With regard to the generalizability of the findings, two issues are worth mentioning. First, the results merely reflect the viewpoints of a sample of Dutch consumers who varied with regard to age, gender, and income. It is possible that variations in political and cultural circumstances lead to different levels of acceptance as well as other mechanisms underlying acceptance. For instance, Mazzocchi et al. [43] found differing levels of acceptance of obesity prevention policies across five European countries, presumably due to the familiarity with specific policies. However, with respect to the mechanisms underlying acceptance, we think that the concepts that we identified are quite generalizable, particularly because these also underlie acceptance of interventions in non-food domains [22].

Second, this study limited its scope to acceptance of interventions for consumer choices in terms of caloric value. It would be extremely useful to see whether consumers’ perceptions are construed similarly when talking about interventions that target other product characteristics, e.g. increased fruit consumption or decreased salt consumption. Similar to the expected generalizability of the concepts underlying acceptance across cultures, we expect them to be generalizable to acceptance of interventions aimed at other nutritional characteristics as well.

With respect to the methods that were used, again two issues are worth mentioning. First, a potential limitation is that a small number of intervention strategies were used to assess consumer acceptance. However, the interventions were carefully selected on the basis of social marketing literature [28] to represent different types of interventions (education, marketing, and law). The use of nine archetypes also facilitated the possibility of exploring participants’ acceptance of these generic interventions as well as more detailed versions of these interventions (e.g. specific locations and sources). Furthermore, participants could have experienced confusion when a larger number of interventions would have been used.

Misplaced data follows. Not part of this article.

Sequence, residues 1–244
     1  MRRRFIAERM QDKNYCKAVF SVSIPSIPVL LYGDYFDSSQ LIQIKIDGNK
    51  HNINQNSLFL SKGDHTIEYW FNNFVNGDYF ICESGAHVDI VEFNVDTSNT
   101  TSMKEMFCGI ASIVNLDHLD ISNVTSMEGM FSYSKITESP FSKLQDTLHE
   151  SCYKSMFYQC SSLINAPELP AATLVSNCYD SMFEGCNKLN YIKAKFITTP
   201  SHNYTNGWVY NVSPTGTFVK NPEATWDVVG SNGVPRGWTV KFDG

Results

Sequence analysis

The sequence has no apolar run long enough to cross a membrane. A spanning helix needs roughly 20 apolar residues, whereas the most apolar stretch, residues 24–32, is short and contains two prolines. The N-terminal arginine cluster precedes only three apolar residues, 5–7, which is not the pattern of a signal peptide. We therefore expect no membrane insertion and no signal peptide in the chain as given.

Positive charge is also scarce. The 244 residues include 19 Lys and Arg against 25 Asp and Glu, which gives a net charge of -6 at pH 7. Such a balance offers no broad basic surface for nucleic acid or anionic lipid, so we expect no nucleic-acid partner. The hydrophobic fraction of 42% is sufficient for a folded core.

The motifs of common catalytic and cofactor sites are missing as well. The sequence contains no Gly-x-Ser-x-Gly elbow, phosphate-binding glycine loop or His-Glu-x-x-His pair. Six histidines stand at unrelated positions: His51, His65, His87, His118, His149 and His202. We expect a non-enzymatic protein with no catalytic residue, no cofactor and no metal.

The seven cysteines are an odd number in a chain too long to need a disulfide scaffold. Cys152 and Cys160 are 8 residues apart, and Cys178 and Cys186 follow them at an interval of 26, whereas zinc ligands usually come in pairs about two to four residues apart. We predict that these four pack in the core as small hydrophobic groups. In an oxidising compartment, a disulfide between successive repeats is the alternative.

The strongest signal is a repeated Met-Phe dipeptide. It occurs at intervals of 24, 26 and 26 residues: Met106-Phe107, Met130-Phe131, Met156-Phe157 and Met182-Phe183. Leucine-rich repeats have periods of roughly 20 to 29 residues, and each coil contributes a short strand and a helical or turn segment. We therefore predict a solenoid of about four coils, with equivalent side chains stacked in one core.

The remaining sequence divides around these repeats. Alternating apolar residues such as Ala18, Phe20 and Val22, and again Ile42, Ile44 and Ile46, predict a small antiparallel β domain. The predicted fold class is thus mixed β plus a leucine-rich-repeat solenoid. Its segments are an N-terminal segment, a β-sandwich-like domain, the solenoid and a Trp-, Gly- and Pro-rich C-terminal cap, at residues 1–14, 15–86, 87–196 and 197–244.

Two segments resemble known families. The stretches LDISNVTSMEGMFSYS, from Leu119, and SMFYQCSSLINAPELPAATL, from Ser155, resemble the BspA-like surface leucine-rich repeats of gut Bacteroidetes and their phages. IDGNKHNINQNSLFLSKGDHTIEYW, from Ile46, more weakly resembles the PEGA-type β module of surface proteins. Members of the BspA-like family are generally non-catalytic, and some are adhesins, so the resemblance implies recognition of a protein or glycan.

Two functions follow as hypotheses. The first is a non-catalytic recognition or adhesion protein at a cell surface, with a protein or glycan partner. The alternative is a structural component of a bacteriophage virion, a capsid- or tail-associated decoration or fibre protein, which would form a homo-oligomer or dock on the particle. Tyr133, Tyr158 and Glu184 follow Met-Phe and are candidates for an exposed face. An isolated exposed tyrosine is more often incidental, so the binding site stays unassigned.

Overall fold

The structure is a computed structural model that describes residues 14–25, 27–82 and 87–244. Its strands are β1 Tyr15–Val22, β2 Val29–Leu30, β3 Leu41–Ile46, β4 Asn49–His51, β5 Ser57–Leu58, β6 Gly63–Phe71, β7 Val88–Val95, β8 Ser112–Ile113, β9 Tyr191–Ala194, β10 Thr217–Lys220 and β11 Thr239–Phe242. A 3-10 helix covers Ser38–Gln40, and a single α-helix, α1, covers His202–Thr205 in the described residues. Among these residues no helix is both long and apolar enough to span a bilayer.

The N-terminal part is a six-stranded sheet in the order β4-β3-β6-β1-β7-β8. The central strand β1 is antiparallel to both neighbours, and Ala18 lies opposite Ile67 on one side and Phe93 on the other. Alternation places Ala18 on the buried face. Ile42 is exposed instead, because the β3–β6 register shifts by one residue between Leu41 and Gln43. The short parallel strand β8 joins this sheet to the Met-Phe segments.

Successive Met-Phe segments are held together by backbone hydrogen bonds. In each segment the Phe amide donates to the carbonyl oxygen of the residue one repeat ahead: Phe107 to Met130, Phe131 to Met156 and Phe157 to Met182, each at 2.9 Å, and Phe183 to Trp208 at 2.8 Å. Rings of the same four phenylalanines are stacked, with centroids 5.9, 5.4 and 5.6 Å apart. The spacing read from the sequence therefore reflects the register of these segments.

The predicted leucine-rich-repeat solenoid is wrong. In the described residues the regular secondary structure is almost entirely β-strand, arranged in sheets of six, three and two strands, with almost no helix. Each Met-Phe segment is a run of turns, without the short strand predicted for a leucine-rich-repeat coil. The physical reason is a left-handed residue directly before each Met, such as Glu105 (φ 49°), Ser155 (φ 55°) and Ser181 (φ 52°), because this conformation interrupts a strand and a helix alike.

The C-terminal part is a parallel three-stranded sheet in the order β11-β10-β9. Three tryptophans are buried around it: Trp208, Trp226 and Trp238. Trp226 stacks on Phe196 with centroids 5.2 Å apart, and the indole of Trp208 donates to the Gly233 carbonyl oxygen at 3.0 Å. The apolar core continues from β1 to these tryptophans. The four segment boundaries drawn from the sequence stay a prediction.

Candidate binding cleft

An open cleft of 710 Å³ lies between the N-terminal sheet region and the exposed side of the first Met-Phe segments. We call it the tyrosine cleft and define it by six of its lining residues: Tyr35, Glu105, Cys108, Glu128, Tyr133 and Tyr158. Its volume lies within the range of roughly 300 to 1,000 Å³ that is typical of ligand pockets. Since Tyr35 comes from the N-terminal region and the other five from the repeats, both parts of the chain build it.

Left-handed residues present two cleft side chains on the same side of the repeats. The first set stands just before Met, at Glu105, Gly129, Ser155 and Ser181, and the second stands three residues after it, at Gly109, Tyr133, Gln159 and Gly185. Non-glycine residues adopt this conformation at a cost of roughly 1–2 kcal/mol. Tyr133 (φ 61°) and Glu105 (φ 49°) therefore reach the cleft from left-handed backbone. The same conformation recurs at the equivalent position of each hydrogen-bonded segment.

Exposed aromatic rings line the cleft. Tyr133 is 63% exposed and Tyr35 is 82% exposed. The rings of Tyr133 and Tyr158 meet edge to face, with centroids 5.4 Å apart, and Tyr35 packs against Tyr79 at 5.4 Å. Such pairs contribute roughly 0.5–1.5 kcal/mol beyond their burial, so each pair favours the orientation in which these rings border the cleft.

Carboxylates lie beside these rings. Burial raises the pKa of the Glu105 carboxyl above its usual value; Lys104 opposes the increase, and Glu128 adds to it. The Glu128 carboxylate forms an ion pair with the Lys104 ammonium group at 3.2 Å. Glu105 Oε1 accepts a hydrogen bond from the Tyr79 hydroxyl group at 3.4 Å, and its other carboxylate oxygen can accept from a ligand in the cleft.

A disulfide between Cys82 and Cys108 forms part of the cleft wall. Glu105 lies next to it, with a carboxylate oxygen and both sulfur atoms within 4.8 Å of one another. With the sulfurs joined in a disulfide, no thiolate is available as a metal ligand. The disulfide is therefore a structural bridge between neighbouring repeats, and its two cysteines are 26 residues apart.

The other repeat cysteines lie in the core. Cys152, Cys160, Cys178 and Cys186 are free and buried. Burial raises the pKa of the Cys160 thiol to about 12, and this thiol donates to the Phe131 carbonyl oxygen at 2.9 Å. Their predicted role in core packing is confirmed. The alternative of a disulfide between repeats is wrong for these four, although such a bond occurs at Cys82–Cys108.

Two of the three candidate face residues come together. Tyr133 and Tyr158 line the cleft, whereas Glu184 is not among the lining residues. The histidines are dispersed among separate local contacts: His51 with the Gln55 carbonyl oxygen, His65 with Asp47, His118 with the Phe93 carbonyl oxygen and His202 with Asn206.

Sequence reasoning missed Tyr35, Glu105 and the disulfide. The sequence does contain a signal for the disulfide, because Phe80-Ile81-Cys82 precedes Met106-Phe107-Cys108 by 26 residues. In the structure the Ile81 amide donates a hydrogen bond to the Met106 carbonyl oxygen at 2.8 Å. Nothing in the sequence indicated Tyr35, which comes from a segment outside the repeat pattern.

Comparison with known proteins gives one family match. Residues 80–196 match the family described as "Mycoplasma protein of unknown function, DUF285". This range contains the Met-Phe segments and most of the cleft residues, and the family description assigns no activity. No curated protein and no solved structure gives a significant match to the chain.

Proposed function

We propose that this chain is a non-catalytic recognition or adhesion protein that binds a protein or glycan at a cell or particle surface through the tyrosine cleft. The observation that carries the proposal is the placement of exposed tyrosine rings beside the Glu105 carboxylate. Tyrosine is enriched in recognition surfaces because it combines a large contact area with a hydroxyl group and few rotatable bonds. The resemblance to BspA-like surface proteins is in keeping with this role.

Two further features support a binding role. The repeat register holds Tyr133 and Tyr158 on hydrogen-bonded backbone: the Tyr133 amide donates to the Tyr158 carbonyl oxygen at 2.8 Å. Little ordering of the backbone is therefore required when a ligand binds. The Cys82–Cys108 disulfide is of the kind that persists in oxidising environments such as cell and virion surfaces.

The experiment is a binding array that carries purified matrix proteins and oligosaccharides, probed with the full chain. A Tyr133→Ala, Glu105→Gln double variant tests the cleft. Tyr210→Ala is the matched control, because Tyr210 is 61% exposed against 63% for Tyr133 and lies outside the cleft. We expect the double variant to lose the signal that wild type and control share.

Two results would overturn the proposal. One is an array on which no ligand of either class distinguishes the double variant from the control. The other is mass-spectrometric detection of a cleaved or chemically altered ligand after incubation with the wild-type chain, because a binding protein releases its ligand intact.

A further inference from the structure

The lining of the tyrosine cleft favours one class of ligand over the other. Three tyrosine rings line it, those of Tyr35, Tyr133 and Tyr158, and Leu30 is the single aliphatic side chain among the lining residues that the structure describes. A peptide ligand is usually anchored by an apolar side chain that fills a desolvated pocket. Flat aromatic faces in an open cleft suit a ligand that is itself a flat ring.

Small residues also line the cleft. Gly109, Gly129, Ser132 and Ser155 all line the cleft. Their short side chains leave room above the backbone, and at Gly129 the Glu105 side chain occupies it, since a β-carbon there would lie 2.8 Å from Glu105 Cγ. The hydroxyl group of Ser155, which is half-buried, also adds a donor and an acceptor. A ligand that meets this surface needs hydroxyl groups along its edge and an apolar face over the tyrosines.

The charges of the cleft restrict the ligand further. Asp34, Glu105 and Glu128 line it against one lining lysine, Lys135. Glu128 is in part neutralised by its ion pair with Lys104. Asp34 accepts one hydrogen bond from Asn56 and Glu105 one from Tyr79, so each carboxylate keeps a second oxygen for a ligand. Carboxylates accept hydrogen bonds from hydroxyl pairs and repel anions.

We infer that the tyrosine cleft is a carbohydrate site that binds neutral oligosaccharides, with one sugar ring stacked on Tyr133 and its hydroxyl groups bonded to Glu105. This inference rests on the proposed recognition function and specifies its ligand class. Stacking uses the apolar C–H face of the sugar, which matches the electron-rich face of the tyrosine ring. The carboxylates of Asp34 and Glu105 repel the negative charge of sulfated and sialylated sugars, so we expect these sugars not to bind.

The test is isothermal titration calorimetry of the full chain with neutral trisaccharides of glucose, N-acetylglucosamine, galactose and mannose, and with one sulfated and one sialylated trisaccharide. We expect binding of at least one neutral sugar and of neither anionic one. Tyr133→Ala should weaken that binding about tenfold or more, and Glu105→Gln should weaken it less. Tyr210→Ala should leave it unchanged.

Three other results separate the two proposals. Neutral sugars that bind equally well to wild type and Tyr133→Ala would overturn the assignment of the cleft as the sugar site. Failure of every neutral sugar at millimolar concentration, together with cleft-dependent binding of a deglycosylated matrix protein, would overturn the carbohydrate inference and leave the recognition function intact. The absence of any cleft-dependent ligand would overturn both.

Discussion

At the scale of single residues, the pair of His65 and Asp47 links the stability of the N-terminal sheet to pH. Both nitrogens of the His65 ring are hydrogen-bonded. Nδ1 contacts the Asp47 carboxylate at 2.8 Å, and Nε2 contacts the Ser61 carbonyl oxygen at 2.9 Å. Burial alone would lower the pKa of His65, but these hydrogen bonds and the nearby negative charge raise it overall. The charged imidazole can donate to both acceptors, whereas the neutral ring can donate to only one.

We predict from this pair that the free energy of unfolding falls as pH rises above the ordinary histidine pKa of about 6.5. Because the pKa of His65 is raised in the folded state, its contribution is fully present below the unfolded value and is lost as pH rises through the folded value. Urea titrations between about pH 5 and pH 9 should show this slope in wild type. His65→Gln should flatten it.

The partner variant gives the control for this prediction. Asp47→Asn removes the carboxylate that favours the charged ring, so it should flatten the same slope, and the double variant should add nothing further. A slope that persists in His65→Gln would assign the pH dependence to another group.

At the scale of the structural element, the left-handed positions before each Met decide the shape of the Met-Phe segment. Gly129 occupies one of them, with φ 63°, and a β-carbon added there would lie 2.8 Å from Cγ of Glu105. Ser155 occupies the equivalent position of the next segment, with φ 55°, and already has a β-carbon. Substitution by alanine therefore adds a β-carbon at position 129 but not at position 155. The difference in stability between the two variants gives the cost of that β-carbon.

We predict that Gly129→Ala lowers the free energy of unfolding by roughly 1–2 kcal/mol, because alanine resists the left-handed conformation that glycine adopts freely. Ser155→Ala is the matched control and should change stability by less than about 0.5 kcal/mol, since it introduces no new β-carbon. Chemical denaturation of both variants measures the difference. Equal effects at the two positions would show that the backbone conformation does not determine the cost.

Second, one can argue that the order of the different parts of the discussions led to modifications in participants’ ratings of acceptance. Because this sequence was not varied, potential biases, particularly order effects [44] and belief overkill [45], cannot be ruled out. Looking at participants’ argumentations for their ratings, we have little reason to believe that these side effects indeed surfaced and compromised the legitimacy of participants’ responses. Furthermore, the specific order was employed to prevent that discussions on effectiveness and fairness of interventions would influence the initial rating and discussion on acceptance. This enabled us to see whether statements about effectiveness and fairness would surface spontaneously, like they did.